Abstract
Flowing from the discourse establishing the relevance of the Responsibility to Protect (R2P) for human protection, this Second Seminar aims at examining the workings of R2P and conducting a comparative analysis of acts of intervention for human protection pre and post R2P principle, with a view to appraising the improvements made by R2P on human protection (if any) and suggest the way forward. To this end, this Seminar discusses the emerging norm of R2P in terms of the three responsibilities it imposes, the crimes presently covered by R2P regime, and the criteria for the implementation of R2P. It also examines acts of intervention for human protection before R2P and after R2P using selected countries as case studies, discusses the challenges of human protection under R2P and makes recommendations for an effective protection of civilian populations in countries undergoing internal conflict.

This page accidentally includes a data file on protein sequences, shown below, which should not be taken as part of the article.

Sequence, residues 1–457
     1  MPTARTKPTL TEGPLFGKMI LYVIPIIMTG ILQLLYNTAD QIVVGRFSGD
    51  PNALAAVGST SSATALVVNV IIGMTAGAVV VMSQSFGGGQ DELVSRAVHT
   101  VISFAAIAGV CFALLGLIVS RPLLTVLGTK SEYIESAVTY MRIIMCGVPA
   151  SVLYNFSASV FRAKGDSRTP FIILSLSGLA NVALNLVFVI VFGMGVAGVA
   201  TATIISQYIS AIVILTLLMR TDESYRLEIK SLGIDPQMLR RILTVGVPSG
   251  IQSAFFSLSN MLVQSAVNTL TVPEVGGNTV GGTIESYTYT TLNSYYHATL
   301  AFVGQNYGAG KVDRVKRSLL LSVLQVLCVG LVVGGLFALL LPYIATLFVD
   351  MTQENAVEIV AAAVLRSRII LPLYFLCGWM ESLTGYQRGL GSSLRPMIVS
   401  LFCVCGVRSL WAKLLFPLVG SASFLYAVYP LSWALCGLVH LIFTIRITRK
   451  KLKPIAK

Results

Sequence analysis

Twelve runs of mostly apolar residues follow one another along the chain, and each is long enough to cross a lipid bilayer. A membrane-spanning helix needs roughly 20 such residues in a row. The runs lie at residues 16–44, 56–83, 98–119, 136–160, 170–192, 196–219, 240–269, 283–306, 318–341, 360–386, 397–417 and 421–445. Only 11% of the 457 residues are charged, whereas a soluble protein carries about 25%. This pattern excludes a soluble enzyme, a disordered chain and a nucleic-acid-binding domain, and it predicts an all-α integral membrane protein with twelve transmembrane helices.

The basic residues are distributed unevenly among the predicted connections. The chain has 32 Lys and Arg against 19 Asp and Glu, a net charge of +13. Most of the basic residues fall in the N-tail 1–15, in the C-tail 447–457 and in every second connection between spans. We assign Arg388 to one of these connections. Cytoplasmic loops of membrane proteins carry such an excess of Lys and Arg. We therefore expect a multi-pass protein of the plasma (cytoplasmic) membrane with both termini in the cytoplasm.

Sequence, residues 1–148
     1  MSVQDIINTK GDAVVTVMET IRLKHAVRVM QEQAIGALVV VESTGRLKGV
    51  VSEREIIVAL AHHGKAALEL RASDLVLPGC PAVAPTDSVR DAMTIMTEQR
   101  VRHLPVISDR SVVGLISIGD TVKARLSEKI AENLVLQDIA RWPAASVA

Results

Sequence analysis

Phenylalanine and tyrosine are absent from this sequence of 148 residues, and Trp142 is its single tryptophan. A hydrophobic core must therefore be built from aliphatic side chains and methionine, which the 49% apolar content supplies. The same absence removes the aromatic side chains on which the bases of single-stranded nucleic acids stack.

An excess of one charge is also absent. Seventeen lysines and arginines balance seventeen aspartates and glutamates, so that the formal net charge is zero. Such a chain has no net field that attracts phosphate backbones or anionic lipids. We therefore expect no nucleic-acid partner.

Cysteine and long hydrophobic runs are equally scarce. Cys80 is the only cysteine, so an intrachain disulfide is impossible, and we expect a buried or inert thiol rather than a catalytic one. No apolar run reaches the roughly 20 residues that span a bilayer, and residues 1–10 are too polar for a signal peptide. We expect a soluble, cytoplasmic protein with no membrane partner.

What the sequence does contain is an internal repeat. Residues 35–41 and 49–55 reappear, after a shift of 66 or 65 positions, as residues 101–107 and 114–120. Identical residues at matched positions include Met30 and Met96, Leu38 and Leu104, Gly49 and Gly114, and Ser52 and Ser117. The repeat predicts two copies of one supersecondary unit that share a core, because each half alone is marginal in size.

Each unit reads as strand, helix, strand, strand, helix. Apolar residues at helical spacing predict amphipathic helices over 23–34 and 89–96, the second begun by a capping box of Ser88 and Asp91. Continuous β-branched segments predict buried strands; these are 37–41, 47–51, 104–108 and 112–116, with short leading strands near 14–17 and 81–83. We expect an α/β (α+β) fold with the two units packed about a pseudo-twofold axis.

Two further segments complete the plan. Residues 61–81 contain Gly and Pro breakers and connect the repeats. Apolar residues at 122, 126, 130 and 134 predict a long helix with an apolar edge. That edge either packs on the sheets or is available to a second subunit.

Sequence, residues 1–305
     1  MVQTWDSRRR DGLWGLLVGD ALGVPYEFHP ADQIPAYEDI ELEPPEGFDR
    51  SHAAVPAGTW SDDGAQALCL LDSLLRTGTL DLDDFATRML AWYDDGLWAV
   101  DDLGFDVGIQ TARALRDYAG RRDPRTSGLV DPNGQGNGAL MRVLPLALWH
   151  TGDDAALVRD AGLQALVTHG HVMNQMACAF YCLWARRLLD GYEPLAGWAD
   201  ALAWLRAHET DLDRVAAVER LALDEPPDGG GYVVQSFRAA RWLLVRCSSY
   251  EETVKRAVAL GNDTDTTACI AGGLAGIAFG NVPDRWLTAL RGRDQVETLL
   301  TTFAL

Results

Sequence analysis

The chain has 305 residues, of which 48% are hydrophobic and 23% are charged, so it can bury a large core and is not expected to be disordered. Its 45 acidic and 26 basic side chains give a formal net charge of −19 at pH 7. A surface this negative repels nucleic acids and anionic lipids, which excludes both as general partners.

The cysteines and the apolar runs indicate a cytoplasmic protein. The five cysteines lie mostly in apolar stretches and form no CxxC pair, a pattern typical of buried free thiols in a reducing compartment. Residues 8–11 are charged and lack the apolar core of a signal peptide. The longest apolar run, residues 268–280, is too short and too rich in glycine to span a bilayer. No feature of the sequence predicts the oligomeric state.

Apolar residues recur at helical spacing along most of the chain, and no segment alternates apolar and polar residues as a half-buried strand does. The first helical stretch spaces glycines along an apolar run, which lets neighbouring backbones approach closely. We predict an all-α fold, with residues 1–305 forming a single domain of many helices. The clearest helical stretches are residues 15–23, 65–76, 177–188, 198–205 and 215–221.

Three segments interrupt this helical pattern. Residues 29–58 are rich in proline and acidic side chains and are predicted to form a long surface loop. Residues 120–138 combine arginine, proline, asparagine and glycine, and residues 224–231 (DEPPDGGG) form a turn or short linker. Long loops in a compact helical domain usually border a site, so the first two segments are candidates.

The major findings here among others is that impressive and remarkable improvement in the international community‘s response to mass atrocities, especially in terms of practical intervention, has not been achieved even under the R2P regime, save that the need for human protection is more popularized. Implementation of R2P has not been consistent, and cases of unsuccessful or non-implementation are higher than cases of successful implementation of R2P.
This Seminar proposes measures that will make for effective human protection under the R2P regime.



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